hopefully aspire to a critical mass for a more peaceful, just sustainable, healthier and joyful world. So thanks for giving us the opportunity to tell
the world about it.
CHATTERLEY: It's funny, Deepak when I asked Gabriella, where she found the strength from having described what happened to her family as being like
the Titanic and the devastation that took place after the loss of Paulette, she said, you have to ask Deepak that love in action and the four A's and
you just describe that I think that part of reconnecting I think emotionally and working out how you move forward and how you turn something
so sad into something so positive.
CHATTERLEY: I want to talk about the technology because I do think this is really interesting and this AI bot and PIWI Gabriella, you can describe
because I know that was nickname for your sister. But this idea perhaps that for young people and some part of it breaks my heart but some part of
me also recognizes the power of it.
They'd rather speak to an AI robot because they don't feel judged in some way, but that the power to magnify those that you touch, using technology,
at this moment in time is huge. And that's the point here we want to touch as many lives as possible, help as many people as possible.
WRIGHT: Absolutely, and PIWI so far. So peewee is the nickname of my little sister and I spoke about her in the present tense because the presence
never dies, in just presence doesn't die and presence when you're fully in the awareness of it is love.
And that is the language that and that's the energy that is behind what we're doing. It's this currency of loving action as Deepak described. So
PIWI is also an acronym for People Interacting with Intention. And so we were able to couple her nickname with actually what we do.
And this AI emotional chat bot, during the height of the pandemic, 16 million messages were exchanged on our platform; 6 million minutes of
conversation were recorded. And helped people and 6000 suicide ideations were de-escalated. So we have much more data as well.
And that was the first rendition of PIWI, we're now re activating her with a more well-being mental well-being appropriation for to accompany on your
journey for every day. And so that's obviously consciousness space, thanks to Dr. Deepak Chopra.
And, and all of the work that we do through consciousness studies bringing that into to the tip of your fingers so that you never experienced
loneliness so that you know that you can go somewhere. And it's exactly what you were saying, Julia, young people prefer to talk to technology.
They don't want to - they do not feel judged, they feel safer. And this is the world that we're in today, whether we like it or not, technology is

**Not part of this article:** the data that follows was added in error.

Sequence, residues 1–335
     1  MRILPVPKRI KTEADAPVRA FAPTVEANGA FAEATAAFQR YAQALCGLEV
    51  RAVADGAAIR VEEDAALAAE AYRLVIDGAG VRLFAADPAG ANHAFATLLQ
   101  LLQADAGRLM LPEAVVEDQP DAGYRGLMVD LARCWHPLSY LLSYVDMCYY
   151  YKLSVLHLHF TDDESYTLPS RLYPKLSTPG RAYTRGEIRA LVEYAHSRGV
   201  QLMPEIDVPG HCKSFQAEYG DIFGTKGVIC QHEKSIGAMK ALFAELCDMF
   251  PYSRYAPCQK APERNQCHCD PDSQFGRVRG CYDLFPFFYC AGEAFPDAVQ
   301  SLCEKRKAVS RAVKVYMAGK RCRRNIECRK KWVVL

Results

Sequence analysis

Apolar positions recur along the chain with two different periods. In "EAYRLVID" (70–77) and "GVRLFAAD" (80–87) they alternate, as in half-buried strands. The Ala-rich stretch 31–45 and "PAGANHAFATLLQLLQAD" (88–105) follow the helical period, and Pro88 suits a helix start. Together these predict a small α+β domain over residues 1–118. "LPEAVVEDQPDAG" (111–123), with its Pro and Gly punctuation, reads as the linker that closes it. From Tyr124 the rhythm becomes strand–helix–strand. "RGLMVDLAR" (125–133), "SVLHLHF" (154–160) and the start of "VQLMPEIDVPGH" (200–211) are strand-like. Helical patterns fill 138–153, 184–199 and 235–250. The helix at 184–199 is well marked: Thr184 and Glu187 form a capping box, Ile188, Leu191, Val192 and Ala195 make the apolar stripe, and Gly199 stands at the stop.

part of our humanity. And we need to embrace it and flood it with consciousness and conscious - tools, self-awareness tools, and these tools
can then really help families in distress.
Because everyone like in my family, there are blind spots, sometimes it's easier to help a stranger than to help some of your family members. And we
have to be vulnerable enough to realize that we don't know everything, but we will know to get.
CHATTERLEY: Yes, it's funny. In a world where we're more connected than ever, at times the degree of loneliness is that much greater. But if we can
harness technology for good to connect people the right way, and for the right reasons, it can be so powerful.
Deepak very quickly, I know you've employed all sorts of ways to help raise money as well, including a foray into crypto, I'm not going to ask you your
views on Cryptocurrencies, don't worry. But what more do you need, how can people help and what's the game plan going forward to get as many people
aware of this and conscious of this as we can?
CHOPRA: I think the more people participate, the more people there are for each other in those forays acceptance, appreciation, deep gratitude,
purpose, meaning all coming together. We have a new story for humanity. To be human is to have a story.
We need to update our story right now, collectively, because everything that we're talking about today in the world, you know, social injustice,
economic injustice, fractured relationships, war, terrorism, economic disruptions, the disruption of the ecosystem, worldwide pandemics are all
related to one simple fact we haven't discovered who we are.
If we knew who we are, at the most fundamental level, and then we are so inseparably interconnected, that our joy depends on each other. Our health